With development beginning in 1958, the Hughes AIM-G Super Falcon was created as a follow-up to the early Falcon missiles, but with a larger rocket motor, bigger warhead, and improved guidance. The AIM-4G, or GAR-4A, was the final version of the improved missile, and around 2700 of these missiles were built with the first of them entering service in 1960, and remaining in use until 1988. The missile was 81.1 inches long, had a 24-inch wingspan, and weighed 145 pounds. Travelling at Mach 4 on its solid fuel Thiokol M46 dual-thrust rocket, the missile had a range of seven miles to deliver the 29-pound warhead.
This product is a simple replacement for the tail rotor for AH-1Gs and UH-1Ds. The part is recommended for the AZ Models or Special Hobbies AH-1G kits, but will work with any UH-1D/H kit that has the wrong style of tail rotor. As you can see from the pictures, taken with kit parts from both AH-1G kits, the kit parts have thicker blades with a different shape. Those were based on later AH-1F and AH-1S helicopters and are incorrect for earlier Cobras.
The parts are direct replacements for the kit parts and remove easily from the mold pour plug, with easy cleanup. They are well cast, with no mold flaws or pin holes in the resin. The parts align well with drawings I have of the early Cobras and Hueys. Besides, if anybody would know whether they were correct or not, I think Floyd Werner would.
Thanks to Werner’s Wings for the review sample and to IPMS/USA for the opportunity to review it. Highly recommenced as an easy correction for your early Cobra.
Thanks to Piotr at Master models for providing these incredible items to improve our models, and thanks to IPMS Reviewer Corps leaders for sending it to me…
What is in the packet: a detailed instruction sheet, four .303 Machine gun barrels and cooling jackets/spring mounts, with flash hiders, four 20MM cannon barrels, and one turned metal pitot tube.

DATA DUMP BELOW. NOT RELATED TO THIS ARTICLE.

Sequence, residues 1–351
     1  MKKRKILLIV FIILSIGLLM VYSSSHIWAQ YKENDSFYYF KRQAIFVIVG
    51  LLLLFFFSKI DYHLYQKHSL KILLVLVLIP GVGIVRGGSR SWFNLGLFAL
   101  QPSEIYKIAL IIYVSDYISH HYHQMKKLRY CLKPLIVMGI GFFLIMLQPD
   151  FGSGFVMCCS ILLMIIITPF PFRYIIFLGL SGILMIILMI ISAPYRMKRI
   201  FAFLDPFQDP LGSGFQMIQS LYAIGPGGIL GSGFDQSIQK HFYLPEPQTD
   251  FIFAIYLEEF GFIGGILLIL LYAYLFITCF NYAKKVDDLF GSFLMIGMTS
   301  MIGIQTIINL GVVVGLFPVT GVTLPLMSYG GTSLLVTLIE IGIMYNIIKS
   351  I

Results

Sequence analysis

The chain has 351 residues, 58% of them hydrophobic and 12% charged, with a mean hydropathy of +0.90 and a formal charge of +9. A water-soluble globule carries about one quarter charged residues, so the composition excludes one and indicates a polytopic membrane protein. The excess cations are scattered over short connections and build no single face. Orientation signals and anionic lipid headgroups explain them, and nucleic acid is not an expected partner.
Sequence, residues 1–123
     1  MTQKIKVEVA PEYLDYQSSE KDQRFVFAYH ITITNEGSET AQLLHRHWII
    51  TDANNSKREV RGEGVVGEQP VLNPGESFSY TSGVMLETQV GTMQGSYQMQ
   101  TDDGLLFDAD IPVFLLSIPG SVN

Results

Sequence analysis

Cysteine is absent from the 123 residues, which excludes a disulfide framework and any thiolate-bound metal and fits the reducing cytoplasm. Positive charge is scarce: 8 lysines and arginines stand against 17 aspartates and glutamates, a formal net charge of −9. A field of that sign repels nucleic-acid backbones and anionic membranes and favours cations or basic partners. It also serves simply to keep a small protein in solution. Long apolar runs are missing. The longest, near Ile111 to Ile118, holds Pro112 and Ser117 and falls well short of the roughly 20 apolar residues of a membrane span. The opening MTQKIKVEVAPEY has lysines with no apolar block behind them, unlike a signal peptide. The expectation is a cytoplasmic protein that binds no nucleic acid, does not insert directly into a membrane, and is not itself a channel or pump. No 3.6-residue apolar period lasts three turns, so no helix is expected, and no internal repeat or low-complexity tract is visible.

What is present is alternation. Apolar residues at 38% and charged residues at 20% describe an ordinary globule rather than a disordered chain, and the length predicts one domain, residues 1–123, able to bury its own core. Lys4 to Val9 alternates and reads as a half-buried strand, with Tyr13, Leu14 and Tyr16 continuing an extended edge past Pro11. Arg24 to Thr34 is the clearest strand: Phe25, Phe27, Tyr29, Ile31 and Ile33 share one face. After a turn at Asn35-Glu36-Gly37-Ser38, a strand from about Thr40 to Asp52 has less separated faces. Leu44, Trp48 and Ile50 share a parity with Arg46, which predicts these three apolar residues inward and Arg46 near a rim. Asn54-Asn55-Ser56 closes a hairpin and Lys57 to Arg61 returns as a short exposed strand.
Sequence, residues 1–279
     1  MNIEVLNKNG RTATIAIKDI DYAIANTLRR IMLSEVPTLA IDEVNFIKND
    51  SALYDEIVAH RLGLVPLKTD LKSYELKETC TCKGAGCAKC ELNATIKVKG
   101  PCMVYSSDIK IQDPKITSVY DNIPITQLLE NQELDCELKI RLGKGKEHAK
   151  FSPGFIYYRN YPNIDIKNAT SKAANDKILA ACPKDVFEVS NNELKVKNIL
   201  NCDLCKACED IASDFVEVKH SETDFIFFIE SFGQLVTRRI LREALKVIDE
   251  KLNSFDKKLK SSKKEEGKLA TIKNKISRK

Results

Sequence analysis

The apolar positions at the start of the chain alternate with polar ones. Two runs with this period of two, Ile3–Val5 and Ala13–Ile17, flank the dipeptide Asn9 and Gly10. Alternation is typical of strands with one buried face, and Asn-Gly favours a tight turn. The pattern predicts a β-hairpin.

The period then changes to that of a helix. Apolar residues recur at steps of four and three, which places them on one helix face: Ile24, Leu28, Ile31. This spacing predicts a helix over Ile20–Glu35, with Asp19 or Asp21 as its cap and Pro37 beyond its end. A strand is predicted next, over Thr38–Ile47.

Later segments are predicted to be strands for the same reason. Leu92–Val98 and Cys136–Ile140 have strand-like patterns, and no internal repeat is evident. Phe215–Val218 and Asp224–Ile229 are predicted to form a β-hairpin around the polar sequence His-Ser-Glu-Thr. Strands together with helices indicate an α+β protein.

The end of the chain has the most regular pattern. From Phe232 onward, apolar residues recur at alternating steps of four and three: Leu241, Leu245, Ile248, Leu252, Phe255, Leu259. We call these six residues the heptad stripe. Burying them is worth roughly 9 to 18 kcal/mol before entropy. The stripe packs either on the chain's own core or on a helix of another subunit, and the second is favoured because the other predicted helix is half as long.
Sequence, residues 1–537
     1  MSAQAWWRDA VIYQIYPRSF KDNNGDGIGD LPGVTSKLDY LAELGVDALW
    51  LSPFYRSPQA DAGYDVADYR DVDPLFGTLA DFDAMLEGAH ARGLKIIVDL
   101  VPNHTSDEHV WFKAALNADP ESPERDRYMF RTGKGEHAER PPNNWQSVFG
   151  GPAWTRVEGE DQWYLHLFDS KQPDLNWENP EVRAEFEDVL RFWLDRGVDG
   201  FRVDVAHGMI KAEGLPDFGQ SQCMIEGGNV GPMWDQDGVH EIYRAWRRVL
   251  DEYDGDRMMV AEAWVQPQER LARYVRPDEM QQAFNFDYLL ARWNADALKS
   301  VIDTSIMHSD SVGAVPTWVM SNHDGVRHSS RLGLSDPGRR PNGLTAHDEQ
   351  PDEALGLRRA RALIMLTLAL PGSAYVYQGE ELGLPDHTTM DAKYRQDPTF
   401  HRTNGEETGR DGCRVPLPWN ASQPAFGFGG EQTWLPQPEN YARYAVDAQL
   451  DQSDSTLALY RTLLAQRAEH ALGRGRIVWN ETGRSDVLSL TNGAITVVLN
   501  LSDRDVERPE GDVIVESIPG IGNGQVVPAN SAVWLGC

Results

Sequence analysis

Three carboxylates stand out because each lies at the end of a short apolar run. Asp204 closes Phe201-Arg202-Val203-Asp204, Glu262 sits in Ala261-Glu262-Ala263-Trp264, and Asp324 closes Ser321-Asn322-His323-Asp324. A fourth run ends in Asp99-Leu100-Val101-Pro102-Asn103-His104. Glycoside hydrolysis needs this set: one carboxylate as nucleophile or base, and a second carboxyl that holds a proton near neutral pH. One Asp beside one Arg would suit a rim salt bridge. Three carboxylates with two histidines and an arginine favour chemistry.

These are simple replacement items for the kit barrels; they provide a better appearance than the kit items, and are well worth investing in for installation
Replacing the kit .303 gun barrels is easy; carefully cut off the kit barrels, drill holes for the metal barrels, install the spring assemblies then the metal barrels, then slide the cooling jackets over the barrels. The flash suppressors then are cemented on the tip of the barrel. Paint and install in the model to finish.
With development beginning in 1946, the Hughes AIM-4 Falcon, or more precisely, a version of a missile that would become the Falcon, was first launched for testing in 1949, and would become the first operational air-to-air missile of the U.S. Air Force. The AIM-4D, or GAR-2B, was the final version of the original missile, and around 4000 of these missiles were built with the first of them entering service in 1963. The missile had a less than spectacular combat record in Vietnam claiming five aircraft (four MiG-17’s and a single MiG-21) for 54 missiles launched, and by 1973, the AIM-4D was no longer operational. The missile was 79.5 inches long, had a 20-inch wingspan, and weighed 135 pounds. Travelling at Mach 3 on its solid fuel Thiokol M58 rocket, the missile had a range of six miles to deliver the 7.6-pound warhead.
Thanks to Aires for providing more of their excellent aftermarket parts for IPMS USA to review, and to IPMS leadership for sending it my way.
This aftermarket set item replaces the kit ejection seat in any F-104A to C. It is not complex, but does require some vision assistance and gentle skills in the sheet-metalworking department.
This set contains seven extremely-detailed, hard gray resin parts - the entire seat in one cast piece, with two separate foot plates, one ejection initiator handle, two ejection net extension arms, and a buckle fitting; one soft, flexible resin hose, and a fret of photoetch for the harness and fittings. First step is to spray all the gray resin and metal photoetch resin parts with primer. I used my favored primer, Tamiya Gray in a rattle can.